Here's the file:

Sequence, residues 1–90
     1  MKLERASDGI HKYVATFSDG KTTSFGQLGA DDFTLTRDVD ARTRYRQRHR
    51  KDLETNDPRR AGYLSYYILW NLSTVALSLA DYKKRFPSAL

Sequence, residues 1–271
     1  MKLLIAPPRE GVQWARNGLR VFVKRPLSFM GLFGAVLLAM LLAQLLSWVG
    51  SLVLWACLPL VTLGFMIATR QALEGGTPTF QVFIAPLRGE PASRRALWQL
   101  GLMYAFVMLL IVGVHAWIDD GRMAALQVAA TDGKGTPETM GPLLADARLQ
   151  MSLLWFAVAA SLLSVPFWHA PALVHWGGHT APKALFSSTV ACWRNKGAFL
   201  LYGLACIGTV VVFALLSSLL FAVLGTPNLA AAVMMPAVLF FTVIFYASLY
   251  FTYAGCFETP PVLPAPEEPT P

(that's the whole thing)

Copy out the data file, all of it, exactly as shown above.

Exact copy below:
Sequence, residues 1–90
     1  MKLERASDGI HKYVATFSDG KTTSFGQLGA DDFTLTRDVD ARTRYRQRHR
    51  KDLETNDPRR AGYLSYYILW NLSTVALSLA DYKKRFPSAL

Sequence, residues 1–271
     1  MKLLIAPPRE GVQWARNGLR VFVKRPLSFM GLFGAVLLAM LLAQLLSWVG
    51  SLVLWACLPL VTLGFMIATR QALEGGTPTF QVFIAPLRGE PASRRALWQL
   101  GLMYAFVMLL IVGVHAWIDD GRMAALQVAA TDGKGTPETM GPLLADARLQ
   151  MSLLWFAVAA SLLSVPFWHA PALVHWGGHT APKALFSSTV ACWRNKGAFL
   201  LYGLACIGTV VVFALLSSLL FAVLGTPNLA AAVMMPAVLF FTVIFYASLY
   251  FTYAGCFETP PVLPAPEEPT P